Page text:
My Favorite Browser (Or Why It Doesn't Matter)
I vaguely remember the browser wars of the late 90s. I was a teenager back then, so I mostly followed the crowd with no fully-formed opinions of my own.
Netscape was pretty popular back then. Firefox was released in the early 2000s, with the demise of Netscape following shortly thereafter. And now we have a whole lot more.
Most people I know browse the Internet from a single browser, perhaps with 50+ tabs open to different things. However, I’m not very fanatical about that sort of thing. Instead, I take a different approach.
I use as many browsers as I can.
As a software developer, I need to support so many different browsers anyway in order to test each one’s idiosyncrasies. But even more in my personal life, I can dedicate each browser to a specific purpose.
I refrain from logging into any website on a browser like Chrome or Safari, because those are owned by their respective companies, Google and Apple, and they’re pretty notorious about tracking people or “gathering telemetry data”. Instead, I use privacy-oriented browsers like Brave or Opera to log into bank accounts or email.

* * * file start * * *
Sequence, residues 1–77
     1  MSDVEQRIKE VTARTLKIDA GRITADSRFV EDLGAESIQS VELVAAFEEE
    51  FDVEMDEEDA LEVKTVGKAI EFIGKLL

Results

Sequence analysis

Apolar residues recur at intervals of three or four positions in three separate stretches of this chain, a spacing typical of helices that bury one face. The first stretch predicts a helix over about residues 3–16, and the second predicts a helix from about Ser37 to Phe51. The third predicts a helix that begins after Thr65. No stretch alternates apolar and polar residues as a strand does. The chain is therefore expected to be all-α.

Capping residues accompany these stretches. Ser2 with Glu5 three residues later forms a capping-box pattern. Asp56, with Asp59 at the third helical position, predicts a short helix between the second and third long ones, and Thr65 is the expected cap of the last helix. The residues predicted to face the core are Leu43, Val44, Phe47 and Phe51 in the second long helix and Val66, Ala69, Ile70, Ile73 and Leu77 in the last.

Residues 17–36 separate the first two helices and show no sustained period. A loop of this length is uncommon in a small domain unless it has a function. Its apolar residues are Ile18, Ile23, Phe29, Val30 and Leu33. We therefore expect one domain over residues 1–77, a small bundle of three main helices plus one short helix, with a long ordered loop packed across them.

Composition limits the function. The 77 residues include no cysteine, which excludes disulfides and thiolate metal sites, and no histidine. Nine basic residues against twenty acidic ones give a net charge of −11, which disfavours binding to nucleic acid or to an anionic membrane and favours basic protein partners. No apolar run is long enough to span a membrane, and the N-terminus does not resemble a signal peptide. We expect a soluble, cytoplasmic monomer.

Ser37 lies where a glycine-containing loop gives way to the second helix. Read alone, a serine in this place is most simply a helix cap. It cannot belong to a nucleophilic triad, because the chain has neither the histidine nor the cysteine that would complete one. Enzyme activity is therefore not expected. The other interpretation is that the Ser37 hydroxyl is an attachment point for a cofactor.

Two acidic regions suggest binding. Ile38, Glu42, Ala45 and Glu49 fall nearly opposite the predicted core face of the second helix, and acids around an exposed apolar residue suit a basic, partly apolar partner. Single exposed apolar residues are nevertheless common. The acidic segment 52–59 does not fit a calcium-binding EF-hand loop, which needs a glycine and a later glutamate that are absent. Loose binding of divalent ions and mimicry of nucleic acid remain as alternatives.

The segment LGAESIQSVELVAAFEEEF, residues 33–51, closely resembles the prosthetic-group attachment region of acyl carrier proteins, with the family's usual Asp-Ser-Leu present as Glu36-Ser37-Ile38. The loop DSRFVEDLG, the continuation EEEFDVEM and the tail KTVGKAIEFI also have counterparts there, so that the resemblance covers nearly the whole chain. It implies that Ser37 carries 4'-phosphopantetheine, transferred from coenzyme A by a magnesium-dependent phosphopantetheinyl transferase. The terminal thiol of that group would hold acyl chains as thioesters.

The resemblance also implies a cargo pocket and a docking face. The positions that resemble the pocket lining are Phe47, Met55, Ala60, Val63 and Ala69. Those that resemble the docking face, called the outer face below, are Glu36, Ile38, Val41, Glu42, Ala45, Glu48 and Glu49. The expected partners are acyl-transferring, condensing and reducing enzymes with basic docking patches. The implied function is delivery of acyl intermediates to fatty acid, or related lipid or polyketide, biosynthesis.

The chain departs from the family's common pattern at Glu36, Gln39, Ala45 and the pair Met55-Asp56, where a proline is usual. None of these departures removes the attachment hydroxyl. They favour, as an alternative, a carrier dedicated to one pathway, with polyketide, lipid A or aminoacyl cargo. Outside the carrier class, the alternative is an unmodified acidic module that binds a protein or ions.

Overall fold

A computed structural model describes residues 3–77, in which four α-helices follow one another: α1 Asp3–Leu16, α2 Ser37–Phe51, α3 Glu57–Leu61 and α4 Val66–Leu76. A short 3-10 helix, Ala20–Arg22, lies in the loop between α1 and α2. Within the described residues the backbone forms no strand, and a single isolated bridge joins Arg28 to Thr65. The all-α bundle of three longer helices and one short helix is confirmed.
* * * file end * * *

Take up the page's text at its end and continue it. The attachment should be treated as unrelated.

However, I still might use Chrome or Safari in other ways.
One of the many things you can’t help but notice is how different websites keep track of you. Content on YouTube, for example, is curated via algorithm based on your past history and engagement with their platform. Because of that, if you watch a single video on a particular subject, your feed could become inundated with videos of a similar kind.
That’s not really what I want. I want to control what I see on my feed, and so if I receive a link to a video that’s only a one-off, I use Chrome. And because of the way browsers work, each a walled garden unto itself, they typically don’t cross-pollute with each other.
So that’s why I don’t have a favorite browser. I’ll use four or five browsers concurrently, each with a specific purpose in mind.